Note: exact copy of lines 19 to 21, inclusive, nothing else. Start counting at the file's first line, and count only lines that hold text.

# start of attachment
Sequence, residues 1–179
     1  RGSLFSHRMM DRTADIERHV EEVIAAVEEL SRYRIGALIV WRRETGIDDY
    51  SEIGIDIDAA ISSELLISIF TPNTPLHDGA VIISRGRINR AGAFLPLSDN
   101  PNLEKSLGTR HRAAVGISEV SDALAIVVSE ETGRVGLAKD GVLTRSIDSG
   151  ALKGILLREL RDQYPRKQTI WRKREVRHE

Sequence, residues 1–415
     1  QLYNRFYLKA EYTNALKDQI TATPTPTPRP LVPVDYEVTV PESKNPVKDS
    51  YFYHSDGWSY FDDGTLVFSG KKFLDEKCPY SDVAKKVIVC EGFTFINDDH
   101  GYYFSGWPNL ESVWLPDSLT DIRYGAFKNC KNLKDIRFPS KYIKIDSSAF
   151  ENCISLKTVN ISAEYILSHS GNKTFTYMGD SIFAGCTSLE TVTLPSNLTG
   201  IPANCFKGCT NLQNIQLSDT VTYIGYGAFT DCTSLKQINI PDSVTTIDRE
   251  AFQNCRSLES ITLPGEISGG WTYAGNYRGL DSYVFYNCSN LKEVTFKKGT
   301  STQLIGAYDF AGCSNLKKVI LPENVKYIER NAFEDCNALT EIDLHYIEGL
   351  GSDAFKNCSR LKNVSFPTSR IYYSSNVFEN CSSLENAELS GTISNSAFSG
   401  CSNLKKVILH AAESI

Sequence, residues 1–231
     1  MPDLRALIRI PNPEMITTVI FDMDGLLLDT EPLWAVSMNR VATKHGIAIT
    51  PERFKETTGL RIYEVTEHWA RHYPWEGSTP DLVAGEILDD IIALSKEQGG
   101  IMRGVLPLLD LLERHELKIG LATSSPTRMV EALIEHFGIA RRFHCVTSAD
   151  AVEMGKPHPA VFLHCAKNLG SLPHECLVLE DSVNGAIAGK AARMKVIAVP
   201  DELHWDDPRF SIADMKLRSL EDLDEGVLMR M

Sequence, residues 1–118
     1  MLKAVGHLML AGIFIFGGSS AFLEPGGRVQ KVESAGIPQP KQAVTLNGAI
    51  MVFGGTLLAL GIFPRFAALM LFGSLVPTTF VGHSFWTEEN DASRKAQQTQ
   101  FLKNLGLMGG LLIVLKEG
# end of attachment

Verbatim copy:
   101  IMRGVLPLLD LLERHELKIG LATSSPTRMV EALIEHFGIA RRFHCVTSAD
   151  AVEMGKPHPA VFLHCAKNLG SLPHECLVLE DSVNGAIAGK AARMKVIAVP
   201  DELHWDDPRF SIADMKLRSL EDLDEGVLMR M